Most fungal aggregations consist of parallel hyphae. The individual hyphae are recognisable as such and the term used to describe these tissues is “prosenchyma”, meaning loosely organised tissue. Some fungi develop more tightly organised tissue where the tightly packed cells resemble plant parenchyma. These tissues are referred to as “pseudoparenchyma”, meaning false parenchyma. The hyphal origin of the cells is less obvious in pseudoparenchyma.
Two types of structure are formed from pseudoparenchyma: sclerotia and stromata. The differences between the two types of tissue is simply that one bears or contains fruiting bodies, and the other does not.
During development, stromata resemble sclerotia, though in addition, some host plant tissue may be incorporated in stromata. Indeed, sclerotia may eventually form fruiting bodies following recovery from dormancy. The distinction between the two complex tissues is unclear.
The term sclerotium is used in a functional sense. The rounded bodies are able to survive periods of adverse environment. They remain dormant or quiescent during the stressful period and then germinate when conditions are more favourable.
A number of different types of sclerotia are found. The simplest sclerotia consist of a few cells and are microscopic. The most complex are the enormous sclerotia of Polyporus mylittae found in arid and semiarid regions of Australia. These sclerotia can reach 30 cm diameter.
Sclerotia develop from an initial cluster or knot of hyphae. As the knot expands, cells shorten, the hyphae become tightly packed: the structure changes from undifferentiated tissue to a structure where the outer layer becomes rind-like. Walls of the outer hyphae are thickened, and become melanised, and compartments lose their cytoplasm. In addition, deposits between cells of the rind reduce the apoplastic transfer of solutes.
Internal hyphae, the medulla, of the sclerotium are relatively swollen, with extended vacuoles. The hyphae have considerable dichotomous branching, and remain relatively thin walled. The medullary cells are surrounded by an extracellular matix, which becomes chystalline with maturity. Nutrients are stored in the inner tissue. The substratum may be partially enclosed in the sclerotium. The cells of the outer layer of the sclerotium are commonly melanised.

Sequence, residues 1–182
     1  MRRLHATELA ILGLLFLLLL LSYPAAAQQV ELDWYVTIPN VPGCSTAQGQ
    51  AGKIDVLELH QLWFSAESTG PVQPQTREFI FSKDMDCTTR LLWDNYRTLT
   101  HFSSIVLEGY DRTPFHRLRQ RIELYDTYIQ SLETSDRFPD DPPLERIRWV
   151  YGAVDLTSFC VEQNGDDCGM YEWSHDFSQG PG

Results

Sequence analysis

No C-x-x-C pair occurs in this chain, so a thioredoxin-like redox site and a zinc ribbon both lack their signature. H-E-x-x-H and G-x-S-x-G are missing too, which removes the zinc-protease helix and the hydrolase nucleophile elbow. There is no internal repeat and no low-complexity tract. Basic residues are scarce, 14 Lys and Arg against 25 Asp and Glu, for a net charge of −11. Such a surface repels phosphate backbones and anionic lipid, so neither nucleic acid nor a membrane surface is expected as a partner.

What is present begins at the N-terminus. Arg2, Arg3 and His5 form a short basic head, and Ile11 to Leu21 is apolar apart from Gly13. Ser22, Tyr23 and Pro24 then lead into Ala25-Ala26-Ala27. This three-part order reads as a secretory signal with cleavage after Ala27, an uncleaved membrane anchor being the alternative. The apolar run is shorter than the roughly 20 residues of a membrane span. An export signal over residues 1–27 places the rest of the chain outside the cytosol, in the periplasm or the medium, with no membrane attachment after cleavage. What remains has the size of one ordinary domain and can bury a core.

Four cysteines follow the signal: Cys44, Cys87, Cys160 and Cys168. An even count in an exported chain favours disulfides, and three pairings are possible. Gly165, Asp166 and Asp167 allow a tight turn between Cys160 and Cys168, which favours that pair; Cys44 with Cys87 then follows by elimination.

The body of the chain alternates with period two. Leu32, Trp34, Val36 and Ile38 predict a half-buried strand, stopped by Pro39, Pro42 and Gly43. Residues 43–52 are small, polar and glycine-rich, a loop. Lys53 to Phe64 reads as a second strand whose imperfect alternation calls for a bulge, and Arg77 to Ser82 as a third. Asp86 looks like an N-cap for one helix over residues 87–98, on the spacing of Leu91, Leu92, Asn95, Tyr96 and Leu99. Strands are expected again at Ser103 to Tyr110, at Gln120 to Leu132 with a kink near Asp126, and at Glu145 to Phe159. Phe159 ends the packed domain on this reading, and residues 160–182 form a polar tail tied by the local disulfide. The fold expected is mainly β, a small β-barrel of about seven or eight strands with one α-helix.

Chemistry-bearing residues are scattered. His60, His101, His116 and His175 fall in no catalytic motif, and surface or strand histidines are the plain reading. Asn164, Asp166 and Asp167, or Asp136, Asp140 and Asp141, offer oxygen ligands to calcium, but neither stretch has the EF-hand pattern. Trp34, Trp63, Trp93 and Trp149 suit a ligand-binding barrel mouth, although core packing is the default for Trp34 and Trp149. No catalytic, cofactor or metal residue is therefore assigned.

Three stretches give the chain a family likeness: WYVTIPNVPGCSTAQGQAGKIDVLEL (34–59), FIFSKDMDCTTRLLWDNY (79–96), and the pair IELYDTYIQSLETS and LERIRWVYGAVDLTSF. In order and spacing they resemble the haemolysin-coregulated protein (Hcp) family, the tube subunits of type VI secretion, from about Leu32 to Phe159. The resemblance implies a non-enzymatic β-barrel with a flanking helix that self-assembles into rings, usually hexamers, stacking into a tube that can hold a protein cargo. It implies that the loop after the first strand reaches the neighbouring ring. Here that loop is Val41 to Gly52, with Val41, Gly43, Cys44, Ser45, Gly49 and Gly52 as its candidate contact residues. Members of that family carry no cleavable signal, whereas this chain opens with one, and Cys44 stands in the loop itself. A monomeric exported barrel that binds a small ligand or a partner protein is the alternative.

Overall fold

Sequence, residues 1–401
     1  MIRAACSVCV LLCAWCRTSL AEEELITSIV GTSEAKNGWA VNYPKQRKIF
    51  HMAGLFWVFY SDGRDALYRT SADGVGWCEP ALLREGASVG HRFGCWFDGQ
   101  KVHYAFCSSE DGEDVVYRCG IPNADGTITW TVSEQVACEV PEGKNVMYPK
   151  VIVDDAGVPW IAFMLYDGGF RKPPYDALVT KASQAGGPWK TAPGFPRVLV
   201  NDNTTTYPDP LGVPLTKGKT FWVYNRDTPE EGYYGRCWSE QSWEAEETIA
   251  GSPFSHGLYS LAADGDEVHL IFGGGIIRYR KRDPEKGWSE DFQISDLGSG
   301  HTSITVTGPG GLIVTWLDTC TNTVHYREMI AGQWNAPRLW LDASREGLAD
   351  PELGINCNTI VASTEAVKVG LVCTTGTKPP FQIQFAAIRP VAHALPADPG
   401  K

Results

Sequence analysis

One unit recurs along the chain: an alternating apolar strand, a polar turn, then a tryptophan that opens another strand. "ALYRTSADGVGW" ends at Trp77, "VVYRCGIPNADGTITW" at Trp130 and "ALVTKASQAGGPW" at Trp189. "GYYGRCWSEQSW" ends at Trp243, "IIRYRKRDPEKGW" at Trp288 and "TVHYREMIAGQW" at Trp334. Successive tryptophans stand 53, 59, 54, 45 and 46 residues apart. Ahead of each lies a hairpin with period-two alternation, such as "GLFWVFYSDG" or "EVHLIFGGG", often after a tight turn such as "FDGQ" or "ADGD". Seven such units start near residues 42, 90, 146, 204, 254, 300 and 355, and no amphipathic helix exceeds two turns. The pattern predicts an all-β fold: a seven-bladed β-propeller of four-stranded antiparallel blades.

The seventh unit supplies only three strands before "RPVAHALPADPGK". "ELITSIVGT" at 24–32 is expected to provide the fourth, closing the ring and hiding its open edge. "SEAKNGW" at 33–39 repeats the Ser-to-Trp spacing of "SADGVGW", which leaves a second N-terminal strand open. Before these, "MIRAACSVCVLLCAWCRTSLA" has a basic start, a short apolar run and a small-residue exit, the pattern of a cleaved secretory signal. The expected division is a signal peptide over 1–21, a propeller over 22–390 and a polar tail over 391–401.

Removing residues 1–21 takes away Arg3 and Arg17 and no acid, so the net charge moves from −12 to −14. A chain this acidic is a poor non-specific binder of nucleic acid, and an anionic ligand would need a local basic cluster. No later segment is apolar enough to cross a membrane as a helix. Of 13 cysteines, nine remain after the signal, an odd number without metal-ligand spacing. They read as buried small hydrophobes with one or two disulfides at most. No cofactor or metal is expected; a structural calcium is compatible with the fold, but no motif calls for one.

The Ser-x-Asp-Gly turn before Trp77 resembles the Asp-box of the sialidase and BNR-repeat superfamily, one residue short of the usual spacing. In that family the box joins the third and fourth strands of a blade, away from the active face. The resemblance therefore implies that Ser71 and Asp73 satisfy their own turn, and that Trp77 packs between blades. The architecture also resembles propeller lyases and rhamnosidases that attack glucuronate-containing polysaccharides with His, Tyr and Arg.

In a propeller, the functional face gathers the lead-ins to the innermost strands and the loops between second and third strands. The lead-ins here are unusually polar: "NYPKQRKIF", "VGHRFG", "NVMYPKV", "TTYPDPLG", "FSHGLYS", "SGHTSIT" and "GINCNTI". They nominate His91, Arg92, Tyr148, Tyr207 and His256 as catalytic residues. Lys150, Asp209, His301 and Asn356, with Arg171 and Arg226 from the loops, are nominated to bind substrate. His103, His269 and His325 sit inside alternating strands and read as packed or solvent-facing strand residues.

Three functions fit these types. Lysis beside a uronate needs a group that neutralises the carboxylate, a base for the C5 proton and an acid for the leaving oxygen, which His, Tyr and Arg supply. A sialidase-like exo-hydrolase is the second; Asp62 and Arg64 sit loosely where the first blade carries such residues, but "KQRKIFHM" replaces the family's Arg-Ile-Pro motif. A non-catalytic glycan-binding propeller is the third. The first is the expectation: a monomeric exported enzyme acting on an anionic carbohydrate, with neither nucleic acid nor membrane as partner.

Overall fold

The structures formed by a single fungus may vary in dimensions and anatomy. It appears that the environment plays an important part in the development and survival of sclerotia, just as in other parts of the fungal thallus. Light, pH, reactive oxygen species and UV light appear to be involved in triggering the formation of sclerotia, and then regulating the development.
Germination of sclerotia is usually associated with improved environmental conditions, usually adequate moisture and temperature. The fungus Polyporus mylittae (see image above) appears to germinate following a drop in soil temperature as adequate reserves of water are contained within the structure. Sclerotia survive for many years. The precise trigger for germination may also involve either heat from summer or a fire. Some sclerotia of fungal pathogens such as pathotypes of Sclerotinia and Sclerotium, require specific chemical, probably nutritional, triggers indicating the presence of a potential host.
Germination may be by emergence of hyphae from within the sclerotium. However, a significant number form fruiting bodies which disperse spores.
Sclerotia and stromata are complex rounded hyphal structures which enable survival of the fungus through stressful times. Their formation appears to be under genetic control, and is not necessarily related to stress at the time of formation. The germination of sclerotia is probably triggered by the structure sensing relief from the stress.
Carlisle MJ & Watkinson SC 1994 The Fungi. Academic Press.